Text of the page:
News tagged with heart muscle

Related topics: heart · heart failure · heart attack · stem cells · heart disease

How oxidizing a heart 'brake' causes heart damage

Oxidative stress has been long known to fuel disease, but how exactly it damages various organs has been challenging to sort out. Now scientists from Johns Hopkins say research in mice reveals why oxidation comes to be so ...

May 04, 2015
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Study uncovers foundations of heart regeneration

While the human heart can't heal itself, the zebrafish heart can easily replace cells lost by damage or disease. Now, researchers have discovered properties of a mysterious outer layer of the heart known as the epicardium ...

May 04, 2015
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Resolvin D1 reduces post-heart-attack heart failure

Chronic inflammation provokes a downward spiral in many diseases, including congestive heart failure, atherosclerosis and peripheral artery disease. A University of Alabama at Birmingham-led research team has now found that ...

Apr 29, 2015
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Saturated fatty acids might directly damage heart

Olive oil is universally considered a much healthier alternative to meat fat. Plant-derived oils (such as olive oil, canola oil, and vegetable oil) largely consist of unsaturated fatty acids, whereas animal fat is richer ...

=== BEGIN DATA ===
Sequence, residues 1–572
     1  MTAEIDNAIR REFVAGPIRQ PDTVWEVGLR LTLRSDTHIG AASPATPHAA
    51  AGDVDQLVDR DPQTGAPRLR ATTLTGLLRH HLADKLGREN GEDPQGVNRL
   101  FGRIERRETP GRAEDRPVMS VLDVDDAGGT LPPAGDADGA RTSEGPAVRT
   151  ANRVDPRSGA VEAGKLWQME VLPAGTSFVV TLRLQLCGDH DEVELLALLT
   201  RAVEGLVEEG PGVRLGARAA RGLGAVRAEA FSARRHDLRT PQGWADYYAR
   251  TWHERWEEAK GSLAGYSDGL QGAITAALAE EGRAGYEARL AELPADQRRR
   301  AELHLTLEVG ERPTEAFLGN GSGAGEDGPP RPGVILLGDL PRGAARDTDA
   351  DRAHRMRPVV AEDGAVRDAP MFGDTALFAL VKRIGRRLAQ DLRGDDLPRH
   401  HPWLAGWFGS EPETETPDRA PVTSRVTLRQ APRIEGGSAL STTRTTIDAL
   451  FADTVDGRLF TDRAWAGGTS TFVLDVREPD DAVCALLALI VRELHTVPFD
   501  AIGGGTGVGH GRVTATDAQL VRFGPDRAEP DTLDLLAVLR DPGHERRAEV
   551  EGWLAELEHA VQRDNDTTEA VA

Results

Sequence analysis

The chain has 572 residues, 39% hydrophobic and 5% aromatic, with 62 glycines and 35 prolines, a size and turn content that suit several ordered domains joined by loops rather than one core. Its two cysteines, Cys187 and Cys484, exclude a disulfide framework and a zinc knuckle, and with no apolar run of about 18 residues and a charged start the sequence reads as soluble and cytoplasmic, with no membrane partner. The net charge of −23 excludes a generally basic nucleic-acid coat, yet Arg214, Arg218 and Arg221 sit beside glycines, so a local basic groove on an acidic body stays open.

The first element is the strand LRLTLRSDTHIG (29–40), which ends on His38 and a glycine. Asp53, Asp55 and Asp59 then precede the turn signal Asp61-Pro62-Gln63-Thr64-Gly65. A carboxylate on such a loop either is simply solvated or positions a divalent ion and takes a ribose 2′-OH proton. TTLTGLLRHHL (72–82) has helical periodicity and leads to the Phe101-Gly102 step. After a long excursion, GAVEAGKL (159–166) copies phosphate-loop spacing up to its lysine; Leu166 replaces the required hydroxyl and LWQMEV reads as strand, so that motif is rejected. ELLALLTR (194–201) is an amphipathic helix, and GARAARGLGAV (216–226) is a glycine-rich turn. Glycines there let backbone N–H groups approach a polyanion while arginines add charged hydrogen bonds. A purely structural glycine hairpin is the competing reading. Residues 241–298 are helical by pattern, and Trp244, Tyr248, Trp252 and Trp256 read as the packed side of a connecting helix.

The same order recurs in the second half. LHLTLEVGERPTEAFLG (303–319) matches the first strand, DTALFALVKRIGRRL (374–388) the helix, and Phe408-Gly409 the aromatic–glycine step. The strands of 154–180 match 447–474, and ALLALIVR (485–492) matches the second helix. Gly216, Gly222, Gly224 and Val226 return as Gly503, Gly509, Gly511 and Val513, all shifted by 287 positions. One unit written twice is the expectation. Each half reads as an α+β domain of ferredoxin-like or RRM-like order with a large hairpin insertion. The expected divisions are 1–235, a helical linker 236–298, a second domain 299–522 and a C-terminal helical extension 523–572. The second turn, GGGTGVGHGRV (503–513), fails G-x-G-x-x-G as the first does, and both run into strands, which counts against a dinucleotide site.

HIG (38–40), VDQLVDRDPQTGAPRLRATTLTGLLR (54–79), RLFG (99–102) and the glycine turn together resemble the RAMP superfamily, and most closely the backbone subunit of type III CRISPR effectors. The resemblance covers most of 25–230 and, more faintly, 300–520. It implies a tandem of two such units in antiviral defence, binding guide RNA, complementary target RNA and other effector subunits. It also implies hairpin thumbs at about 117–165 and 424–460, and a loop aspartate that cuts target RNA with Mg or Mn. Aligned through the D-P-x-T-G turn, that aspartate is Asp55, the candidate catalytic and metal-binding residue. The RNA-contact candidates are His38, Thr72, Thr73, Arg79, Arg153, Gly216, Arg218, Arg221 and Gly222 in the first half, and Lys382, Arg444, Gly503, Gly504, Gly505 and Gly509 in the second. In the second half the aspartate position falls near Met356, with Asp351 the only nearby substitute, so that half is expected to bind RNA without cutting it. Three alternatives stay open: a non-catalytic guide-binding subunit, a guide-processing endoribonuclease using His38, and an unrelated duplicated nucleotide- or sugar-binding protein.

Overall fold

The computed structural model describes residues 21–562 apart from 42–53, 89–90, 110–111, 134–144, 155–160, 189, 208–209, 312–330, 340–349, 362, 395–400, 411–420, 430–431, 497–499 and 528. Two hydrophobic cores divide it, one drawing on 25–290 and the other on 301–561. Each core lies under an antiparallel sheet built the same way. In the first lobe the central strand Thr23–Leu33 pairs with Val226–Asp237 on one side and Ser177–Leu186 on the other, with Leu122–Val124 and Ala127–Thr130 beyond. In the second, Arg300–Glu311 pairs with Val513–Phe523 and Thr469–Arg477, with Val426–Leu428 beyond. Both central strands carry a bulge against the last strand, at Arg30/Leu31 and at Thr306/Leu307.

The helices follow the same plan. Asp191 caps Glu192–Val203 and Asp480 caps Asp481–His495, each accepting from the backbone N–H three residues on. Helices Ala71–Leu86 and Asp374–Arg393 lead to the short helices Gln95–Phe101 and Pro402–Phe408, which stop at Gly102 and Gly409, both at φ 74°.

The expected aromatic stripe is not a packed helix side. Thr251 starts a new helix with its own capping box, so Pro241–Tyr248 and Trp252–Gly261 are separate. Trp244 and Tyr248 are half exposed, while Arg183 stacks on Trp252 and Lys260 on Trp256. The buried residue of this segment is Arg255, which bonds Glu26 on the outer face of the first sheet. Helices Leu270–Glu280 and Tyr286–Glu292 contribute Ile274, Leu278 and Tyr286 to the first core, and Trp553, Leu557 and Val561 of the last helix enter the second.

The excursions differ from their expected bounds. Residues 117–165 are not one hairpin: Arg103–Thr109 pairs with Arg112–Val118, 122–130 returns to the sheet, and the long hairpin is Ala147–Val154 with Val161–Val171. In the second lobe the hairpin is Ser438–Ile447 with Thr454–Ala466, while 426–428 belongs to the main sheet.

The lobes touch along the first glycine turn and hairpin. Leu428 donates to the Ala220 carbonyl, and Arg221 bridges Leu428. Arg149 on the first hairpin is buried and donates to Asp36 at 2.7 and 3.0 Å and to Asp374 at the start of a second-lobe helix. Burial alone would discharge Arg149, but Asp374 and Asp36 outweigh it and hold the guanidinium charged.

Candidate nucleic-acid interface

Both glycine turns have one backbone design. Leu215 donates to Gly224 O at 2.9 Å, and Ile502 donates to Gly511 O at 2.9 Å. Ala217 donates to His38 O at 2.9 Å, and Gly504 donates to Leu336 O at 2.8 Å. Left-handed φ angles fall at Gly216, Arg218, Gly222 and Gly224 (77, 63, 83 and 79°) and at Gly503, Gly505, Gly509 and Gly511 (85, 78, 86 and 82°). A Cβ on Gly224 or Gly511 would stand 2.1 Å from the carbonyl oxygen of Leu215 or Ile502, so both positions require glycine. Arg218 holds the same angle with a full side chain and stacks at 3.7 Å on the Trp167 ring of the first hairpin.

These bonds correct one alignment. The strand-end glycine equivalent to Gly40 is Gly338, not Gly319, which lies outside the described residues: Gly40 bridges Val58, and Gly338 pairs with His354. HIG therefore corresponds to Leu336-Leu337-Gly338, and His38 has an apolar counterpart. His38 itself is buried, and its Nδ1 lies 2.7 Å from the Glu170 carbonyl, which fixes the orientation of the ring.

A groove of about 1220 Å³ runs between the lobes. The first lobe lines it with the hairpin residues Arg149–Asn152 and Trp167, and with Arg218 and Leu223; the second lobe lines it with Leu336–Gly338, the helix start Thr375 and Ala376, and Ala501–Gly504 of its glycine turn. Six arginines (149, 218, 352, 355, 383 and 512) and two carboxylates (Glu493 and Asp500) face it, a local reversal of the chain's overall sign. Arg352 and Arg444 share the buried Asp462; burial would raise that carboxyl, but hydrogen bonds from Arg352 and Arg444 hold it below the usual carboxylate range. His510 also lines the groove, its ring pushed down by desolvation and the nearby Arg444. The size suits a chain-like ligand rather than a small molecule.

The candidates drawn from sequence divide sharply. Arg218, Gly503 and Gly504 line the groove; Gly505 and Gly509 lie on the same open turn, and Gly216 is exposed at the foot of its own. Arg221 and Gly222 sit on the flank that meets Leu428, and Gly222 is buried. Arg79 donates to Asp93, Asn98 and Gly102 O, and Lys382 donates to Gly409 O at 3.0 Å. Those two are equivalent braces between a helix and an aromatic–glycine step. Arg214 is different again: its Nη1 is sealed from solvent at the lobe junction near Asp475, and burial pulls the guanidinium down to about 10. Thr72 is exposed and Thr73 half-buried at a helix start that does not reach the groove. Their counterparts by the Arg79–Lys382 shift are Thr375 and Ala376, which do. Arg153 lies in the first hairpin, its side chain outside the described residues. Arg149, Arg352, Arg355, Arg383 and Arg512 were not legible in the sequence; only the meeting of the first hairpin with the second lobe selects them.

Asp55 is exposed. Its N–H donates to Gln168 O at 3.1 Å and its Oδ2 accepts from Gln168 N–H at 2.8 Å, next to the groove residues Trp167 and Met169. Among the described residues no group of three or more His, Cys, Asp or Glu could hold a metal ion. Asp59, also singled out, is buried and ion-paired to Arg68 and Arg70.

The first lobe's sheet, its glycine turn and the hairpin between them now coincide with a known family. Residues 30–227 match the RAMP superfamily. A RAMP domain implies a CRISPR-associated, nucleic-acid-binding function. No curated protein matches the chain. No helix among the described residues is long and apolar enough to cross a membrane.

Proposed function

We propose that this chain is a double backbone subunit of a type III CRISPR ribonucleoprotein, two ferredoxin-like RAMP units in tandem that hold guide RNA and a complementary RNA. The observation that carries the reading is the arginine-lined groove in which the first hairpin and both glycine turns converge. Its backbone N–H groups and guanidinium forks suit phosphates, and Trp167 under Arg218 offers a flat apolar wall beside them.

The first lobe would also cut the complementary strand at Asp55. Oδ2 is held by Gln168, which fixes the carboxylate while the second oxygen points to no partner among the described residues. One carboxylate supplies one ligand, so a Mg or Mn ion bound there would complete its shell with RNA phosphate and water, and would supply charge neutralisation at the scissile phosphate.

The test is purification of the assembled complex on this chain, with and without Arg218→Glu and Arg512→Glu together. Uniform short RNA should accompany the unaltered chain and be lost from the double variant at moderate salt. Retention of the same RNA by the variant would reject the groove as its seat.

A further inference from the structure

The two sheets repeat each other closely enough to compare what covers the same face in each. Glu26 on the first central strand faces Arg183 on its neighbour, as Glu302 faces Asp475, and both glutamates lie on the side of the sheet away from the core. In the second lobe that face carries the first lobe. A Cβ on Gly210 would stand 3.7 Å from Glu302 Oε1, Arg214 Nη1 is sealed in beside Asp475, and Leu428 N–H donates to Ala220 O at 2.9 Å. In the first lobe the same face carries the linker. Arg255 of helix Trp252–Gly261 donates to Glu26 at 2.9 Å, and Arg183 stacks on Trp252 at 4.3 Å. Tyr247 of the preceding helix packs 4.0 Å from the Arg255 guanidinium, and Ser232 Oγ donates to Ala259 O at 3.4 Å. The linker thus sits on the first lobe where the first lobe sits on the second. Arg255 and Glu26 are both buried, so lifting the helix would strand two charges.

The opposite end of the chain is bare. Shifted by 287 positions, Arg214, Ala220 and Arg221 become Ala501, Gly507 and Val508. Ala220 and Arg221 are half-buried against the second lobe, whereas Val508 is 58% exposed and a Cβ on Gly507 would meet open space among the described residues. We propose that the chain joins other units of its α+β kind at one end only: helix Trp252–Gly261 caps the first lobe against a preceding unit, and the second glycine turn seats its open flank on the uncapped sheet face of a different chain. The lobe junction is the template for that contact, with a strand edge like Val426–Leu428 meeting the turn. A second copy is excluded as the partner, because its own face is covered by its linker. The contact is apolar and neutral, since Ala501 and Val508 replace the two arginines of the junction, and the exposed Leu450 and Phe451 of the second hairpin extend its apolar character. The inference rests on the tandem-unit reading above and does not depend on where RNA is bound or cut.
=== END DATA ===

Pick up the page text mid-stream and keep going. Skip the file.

Apr 27, 2015
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Cardiac muscle

Cardiac muscle is a type of involuntary striated muscle found in the walls of the heart, specifically the myocardium. Cardiac muscle cells are known as cardiac myocytes (or cardiomyocytes). Cardiac muscle is one of three major types of muscle, the others being skeletal and smooth muscle. The cells that comprise cardiac muscle are sometimes seen as intermediate between these two other types in terms of appearance, structure, metabolism, excitation-coupling and mechanism of contraction. Cardiac muscle shares similarities with skeletal muscle with regard to its striated appearance and contraction, with both differing significantly from smooth muscle cells.

Coordinated contraction of cardiac muscle cells in the heart propel blood from the atria and ventricles to the blood vessels of the circulatory system. Cardiac muscle cells, like all tissues in the body, rely on an ample blood supply to deliver oxygen and nutrients and to remove waste products such as carbon dioxide. The coronary arteries fulfill this function.

This text uses material from Wikipedia, licensed under CC BY-SA

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